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Ultra-sensitive NMR in liquids

Periodic Reporting for period 4 - BetaDropNMR (Ultra-sensitive NMR in liquids)

Reporting period: 2020-04-01 to 2022-03-31

Nuclear Magnetic Resonance (NMR) is an extremely sensitive technique used in many fields of research, including chemistry and biology where is is used to determine the structure and interactions of many different biomolecules. However, its main limitation is a very poor sensitivity. The aim of the betaDropNMR project is to transfer an ultrasensitive version of NMR, namely beta-detected NMR, from nuclear physics applications to chemistry and biology and to investigate with it the interaction of essential metal ions with biomolecules. Because beta-(detected) NMR requires up to a billion times fewer probe nuclei, studies which suffered from low NMR sensitivity might be now possible, e.g. investigation of zinc interaction with different proteins or interaction of Na+ and K+ ions with DNA G-quadruplex structures, which all play roles in the correct functioning of our organisms, and their malfunctioning, or are believed to be related to different diseases, including Parkinson's and Alzheimer’s.
The project has allowed for the 1st alkali-metal beta-NMR studies in liquid samples and to connect it to conventional NMR. This opens the possibility of using a much more sensitive approach to investigate metal ions and their interactions with different biomolecues via NMR, and thus learning new things about theses systems.
During the project, we built and upgraded a dedicated experimental setup at the CERN-ISOLDE facility allowing us to laser-polarize radioactive isotopes in their atomic form and to perform beta-asymmetry and beta-NMR studies with them. We have used it to perform beta-NMR studies on several short-lived Na and K isotopes in several solid and liquid hosts. The results show up to a billion-times higher sensitivity than conventional NMR on stable 23Na and 39,41K, as well as narrower resonances due to lower (or 0) quadrupole moment of the short-lived isotopes.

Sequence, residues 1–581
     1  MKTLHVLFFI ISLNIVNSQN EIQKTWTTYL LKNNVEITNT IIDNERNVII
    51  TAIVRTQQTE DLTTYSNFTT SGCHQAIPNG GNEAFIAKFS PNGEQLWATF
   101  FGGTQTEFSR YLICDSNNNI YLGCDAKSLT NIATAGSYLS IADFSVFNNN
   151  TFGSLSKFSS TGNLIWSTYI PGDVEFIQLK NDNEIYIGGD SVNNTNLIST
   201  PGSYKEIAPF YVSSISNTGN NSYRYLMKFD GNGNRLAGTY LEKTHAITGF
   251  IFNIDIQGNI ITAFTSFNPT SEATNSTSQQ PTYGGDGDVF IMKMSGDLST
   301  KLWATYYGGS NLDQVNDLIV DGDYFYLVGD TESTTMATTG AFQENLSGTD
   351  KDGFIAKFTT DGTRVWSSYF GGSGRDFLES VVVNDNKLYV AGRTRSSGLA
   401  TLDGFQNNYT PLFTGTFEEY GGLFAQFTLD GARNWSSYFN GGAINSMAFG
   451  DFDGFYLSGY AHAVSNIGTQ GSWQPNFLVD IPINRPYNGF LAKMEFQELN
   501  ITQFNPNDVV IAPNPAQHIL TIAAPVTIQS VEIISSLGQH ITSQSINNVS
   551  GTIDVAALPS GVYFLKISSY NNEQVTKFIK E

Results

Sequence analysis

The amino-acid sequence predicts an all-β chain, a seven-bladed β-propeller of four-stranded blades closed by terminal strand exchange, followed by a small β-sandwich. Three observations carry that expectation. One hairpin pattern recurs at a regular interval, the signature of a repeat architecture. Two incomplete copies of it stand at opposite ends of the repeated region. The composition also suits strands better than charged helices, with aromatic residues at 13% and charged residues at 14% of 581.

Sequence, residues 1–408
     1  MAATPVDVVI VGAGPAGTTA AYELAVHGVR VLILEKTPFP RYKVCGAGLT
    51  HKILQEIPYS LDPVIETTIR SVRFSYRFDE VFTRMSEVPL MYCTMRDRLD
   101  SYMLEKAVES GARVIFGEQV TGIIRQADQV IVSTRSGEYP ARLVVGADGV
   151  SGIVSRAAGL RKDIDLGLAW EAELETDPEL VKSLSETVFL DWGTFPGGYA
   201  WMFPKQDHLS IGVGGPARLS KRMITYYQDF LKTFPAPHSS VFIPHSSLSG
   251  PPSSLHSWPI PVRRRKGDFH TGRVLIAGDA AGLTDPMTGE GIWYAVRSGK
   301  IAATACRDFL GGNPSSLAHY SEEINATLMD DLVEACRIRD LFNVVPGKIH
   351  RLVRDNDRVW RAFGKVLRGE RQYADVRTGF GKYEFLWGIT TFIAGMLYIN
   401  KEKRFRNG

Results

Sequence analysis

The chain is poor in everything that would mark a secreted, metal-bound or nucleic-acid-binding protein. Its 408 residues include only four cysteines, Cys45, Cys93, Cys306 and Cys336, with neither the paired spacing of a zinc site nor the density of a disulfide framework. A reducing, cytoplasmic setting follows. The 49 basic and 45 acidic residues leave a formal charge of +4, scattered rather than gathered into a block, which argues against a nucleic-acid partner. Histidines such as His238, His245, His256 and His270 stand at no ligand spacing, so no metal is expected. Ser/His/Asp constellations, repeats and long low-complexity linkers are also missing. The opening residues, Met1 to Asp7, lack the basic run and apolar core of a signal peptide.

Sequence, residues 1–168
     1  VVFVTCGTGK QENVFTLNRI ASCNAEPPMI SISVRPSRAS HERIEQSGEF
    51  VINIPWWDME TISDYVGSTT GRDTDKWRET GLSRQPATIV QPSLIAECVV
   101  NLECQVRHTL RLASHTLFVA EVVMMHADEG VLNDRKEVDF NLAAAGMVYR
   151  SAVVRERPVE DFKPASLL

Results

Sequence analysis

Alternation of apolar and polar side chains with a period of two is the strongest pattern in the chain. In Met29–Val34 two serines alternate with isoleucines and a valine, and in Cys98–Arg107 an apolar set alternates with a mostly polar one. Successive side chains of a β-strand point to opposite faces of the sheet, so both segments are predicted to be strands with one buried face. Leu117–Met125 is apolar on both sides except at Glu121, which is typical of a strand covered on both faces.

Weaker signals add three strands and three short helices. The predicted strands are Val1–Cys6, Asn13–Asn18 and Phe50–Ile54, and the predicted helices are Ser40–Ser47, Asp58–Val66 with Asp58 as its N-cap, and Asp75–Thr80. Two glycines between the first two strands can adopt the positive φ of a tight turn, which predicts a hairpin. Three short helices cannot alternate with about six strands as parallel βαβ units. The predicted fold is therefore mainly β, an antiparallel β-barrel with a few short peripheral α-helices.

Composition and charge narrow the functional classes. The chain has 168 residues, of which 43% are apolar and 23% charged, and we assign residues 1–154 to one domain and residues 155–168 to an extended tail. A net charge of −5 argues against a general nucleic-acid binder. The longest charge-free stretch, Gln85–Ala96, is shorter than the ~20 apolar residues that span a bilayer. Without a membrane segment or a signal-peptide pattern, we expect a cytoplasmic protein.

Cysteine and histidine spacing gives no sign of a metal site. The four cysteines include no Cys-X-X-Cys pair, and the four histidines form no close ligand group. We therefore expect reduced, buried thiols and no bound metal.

This achievement has already allowed us to determine the magnetic dipole moment of a short-lived nucleus with a hundred-fold better accuracy than possible before. We have also been able to characterise several interesting ionic-liquid hosts in high-vacuum environment, using beta-NMR and conventional NMR.
We are at present investigating the best liquid hosts to fold DNA G-quadruplexes around Na and K ions in vacuum conditions, with the aim to perform the 1st fully biological beta-NMR experiment in July 2022.
State of the art of conventional ultrasensitive NMR is based mostly on the Dynamic Nuclear Polarization approach, where the sensitivity can be increased by several orders of magnitude. Our liquid beta-NMR resonances required only about 1e8 Na nuclei, thus increasing the sensitivity of the technique by 8 to 9 orders of magnitude. No other present approach can achieve such an improvement.
In addition, we were the 1st team to introduce an in-situ ppm measurement of the magnetic field during the beta-NMR measurement. In combination with state-of-the-art quantum chemistry calculations, this allows us to determine accurate magnetic moments of short-lived nuclei and absolute NMR shielding linking beta-NMR with convetional NMR and theory.
Until the end of the project, we were successful in adding to the pallettee of NMR nuclei several short-lived isotopes of sodium and potassium. We could also achieve results in studies on ionic liquid hosts that were not possible with conventional NMR (e.g. by introducing directly Na or K atoms, and not a NaCl or KCl salt).
Shortly after the end of the project, we plan to perform the 1st biological studies using liquid-state beta-NMR.
First 26Na beta-NMR in a liquid sample and DNA-G quadruplex to be studies with this technique